I saw Sicko on Sunday night. No doubt, Michael Moore makes a fun movie. Clearly the US health insurance system is broken. It is, in all honesty, an embarrassment – a fact Moore ruthlessly exploits to great effect. That said, I nonetheless left the theater vaguely unsatisfied. I think it is because there is virtually no analysis of why the US healthcare system is broken, beyond of course the old stand by of “corporations are evil.”
As the film repeatedly demonstrates, health insurance firms often behave appallingly. But it isn’t because they are staffed entirely by evil people. This is a structural problem. For some reason, these firms are incented to literally turn their clients into their enemies (which is never a sound business strategy).
The best explanation I’ve seen comes from 5 pages in The Undercover Economist (an excellent book) where the author – Tim Harford – talks about the problems created in markets where there are asymmetries in knowledge. It is so good, I’ve reprinted (in an edited and very condensed form) the relevant bits:
“Economists have known for a while that when one participant in a transaction has inside information, markets may not work. It makes intuitive sense. But it wasn’t until an economist named George Akerlof published a revolutionary paper in 1970 that economists realized quite how profound the problem might be.
Using the used car market as an example, Akerlof showed that even if the market is highly competitive, it simply cannot work if sellers know the quality of their cars and buyers do not. For example, let’s say that half the used cars on sale are “peaches,” and half are “lemons.” The peaches are worth more to prospective buyers than to sellers – otherwise the buyers wouldn’t be buyers – say, $5,000 to prospective buyers and $4000 to sellers. The lemons are worthless pieces of junk. Sellers know if the car they’re selling is a lemon or peach. Buyers have to guess.
A buyer who doesn’t mind taking a fair gamble might think that anything between $2000 and $2500 would be a reasonable price for a car that has a 50/50 chance of being a peach. The seller of course don’t have to gamble: they know for certain whether their car is a peach or lemon. The problem is that sellers with lemons would snatch up a $2500 offer while sellers with peaches would find it insulting. Wander around offering $2500 for a car and you’ll discover that only lemons are for sale at that price. Of course, if you offered $4001 you would also see the peaches on the market – but the lemons won’t go away, and $4001 is not an attractive price for a car that only has a 50% chance of running properly.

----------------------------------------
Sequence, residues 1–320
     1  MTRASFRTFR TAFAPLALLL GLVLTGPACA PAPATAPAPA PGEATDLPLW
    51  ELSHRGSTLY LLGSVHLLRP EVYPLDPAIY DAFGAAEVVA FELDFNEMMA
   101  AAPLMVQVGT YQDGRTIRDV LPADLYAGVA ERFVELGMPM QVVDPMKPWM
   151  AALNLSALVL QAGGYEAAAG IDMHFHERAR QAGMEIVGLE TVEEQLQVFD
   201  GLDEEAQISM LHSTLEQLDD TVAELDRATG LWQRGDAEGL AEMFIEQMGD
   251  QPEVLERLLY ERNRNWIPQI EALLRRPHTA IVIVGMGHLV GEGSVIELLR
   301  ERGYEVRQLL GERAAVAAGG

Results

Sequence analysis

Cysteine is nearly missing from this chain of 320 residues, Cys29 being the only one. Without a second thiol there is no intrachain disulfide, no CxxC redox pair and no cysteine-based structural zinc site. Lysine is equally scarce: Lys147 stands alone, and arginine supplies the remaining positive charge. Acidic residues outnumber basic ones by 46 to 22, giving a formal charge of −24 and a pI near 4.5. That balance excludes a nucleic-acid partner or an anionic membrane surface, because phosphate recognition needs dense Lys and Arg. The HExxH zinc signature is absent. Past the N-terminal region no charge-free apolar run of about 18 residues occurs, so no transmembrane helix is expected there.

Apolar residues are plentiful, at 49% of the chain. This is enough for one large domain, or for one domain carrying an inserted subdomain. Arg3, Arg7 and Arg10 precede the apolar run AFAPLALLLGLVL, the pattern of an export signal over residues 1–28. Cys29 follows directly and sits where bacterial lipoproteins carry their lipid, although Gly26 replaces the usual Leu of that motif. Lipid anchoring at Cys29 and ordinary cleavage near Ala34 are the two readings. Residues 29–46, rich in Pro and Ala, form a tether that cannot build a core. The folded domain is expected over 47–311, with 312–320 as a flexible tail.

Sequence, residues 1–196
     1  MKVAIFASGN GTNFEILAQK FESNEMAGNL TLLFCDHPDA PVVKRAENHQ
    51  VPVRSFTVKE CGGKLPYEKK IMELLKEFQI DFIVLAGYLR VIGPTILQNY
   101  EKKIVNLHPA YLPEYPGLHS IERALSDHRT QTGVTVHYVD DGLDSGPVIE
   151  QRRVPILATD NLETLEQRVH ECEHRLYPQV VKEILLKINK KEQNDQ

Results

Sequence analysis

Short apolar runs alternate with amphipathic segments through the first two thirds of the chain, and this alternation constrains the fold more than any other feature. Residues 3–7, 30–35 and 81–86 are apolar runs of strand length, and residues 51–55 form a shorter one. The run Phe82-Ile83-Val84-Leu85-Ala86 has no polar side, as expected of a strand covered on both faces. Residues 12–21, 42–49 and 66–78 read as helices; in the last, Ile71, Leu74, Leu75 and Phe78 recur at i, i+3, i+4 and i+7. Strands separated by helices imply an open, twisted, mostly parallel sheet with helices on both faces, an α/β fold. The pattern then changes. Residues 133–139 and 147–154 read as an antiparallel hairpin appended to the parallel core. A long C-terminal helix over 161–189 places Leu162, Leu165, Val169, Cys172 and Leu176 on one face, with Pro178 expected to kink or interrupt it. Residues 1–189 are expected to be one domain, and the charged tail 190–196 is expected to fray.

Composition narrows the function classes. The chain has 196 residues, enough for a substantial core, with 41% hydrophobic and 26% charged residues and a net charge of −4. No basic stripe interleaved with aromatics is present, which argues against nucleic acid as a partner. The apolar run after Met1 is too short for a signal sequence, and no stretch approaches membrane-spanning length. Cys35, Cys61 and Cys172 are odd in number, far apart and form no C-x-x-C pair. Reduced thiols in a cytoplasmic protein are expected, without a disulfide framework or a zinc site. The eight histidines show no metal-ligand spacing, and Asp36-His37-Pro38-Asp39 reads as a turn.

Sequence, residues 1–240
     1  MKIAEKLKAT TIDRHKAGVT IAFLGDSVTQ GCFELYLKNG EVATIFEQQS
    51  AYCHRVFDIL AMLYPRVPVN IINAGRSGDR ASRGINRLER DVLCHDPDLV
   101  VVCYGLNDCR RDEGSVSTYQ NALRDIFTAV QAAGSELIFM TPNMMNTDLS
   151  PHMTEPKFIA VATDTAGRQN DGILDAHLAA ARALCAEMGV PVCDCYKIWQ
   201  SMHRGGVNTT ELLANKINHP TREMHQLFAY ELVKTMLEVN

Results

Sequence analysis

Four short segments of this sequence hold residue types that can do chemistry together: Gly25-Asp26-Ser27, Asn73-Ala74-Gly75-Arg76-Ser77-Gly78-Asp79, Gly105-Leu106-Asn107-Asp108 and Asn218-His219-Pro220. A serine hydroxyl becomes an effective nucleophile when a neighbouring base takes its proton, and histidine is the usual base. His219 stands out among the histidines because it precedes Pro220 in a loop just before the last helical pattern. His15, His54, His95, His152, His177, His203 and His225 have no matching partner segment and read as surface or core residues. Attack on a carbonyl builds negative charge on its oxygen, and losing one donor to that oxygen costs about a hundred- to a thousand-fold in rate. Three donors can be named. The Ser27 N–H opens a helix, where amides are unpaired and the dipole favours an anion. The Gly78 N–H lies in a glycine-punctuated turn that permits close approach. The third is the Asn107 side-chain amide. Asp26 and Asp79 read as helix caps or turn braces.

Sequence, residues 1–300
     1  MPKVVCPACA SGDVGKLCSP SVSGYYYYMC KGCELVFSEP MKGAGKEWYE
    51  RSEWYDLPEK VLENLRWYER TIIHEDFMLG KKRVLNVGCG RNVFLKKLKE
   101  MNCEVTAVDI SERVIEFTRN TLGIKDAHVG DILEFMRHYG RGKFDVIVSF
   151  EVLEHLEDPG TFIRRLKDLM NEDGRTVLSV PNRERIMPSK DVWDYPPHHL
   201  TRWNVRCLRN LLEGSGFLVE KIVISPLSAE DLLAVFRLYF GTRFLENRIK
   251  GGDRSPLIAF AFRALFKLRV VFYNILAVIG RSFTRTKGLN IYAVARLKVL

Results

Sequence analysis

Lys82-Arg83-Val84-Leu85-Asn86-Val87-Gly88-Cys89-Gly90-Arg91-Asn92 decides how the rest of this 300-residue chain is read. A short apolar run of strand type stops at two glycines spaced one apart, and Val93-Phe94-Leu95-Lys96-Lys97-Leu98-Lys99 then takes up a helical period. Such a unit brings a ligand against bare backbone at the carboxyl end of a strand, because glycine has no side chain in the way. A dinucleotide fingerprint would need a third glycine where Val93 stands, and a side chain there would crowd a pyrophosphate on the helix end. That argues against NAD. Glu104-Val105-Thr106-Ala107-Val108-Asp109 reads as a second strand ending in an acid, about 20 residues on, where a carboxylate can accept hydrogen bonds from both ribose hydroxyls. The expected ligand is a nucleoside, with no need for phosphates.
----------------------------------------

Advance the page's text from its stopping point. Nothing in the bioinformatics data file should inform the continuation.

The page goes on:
This isn’t just about a trivial problem around the fringes of the market. In this scenario there is no market. Sellers won’t sell a peach for less than $4000, but buyers won’t offer that much for a car that has a 50% chance of being a lemon. With buyers only offering $2500 the sellers won’t sell their peaches, so in the end the only cars that get traded are worthless lemons, which get passed around for next nothing. Less extreme assumptions about the problem lead to less extreme breakdowns of the market, but the conclusions are similar.
Now let’s look at health insurance in this lens:
Let’s say that people who are likely prone to sickness are “lemons”; people who are likely to stay healthy are “peaches.” If, I suspect myself to be a lemon, I’d be advised to buy all the medical insurance I can. If, on the other hand, you feel fine and all your ancestors lived to be a hundred, then you may only buy medical insurance if it is cheap. After all, you hardly expect to need it.
Thanks to Akerlof’s proof that markets whose players have asymmetrical information are doomed, we can see how the insurance market may disappear. You, whose body is a succulent peach, will not find a typical insurance package a good deal; while I, whose body is a bitter lemon, will embrace a typical insurance package with open arms. The result is that the insurance company only sells insurance to people who are confident they will use it. As a result, the insurer loses clients who are unlikely to make claims and acquires the clients who are likely to make costly claims. As a result the insurer has to cut back on benefits and raise premiums. People of middling health now find the insurance is too expensive and cancel it, eliminating even more marginal “peaches” from the insurance pool and forcing insurance coming to raise premiums even higher to stay in business. More and more people cancel their policies, and in the end only the most sickly of the lemons will buy insurance at a price that will be nearly impossible to afford.”
Admittedly, this hardly covers all the problems facing the US healthcare system, but it does give an assessment of why the market for health insurance creates firms who behave so poorly (and yes, criminally). It is, in my mind, the best explanation for why a single insurer system (like what we have here in Canada) can work more effectively. However, this a single insurer system also creates problematic incentives, but more on that later in the week… (is anyone left reading a post this long?)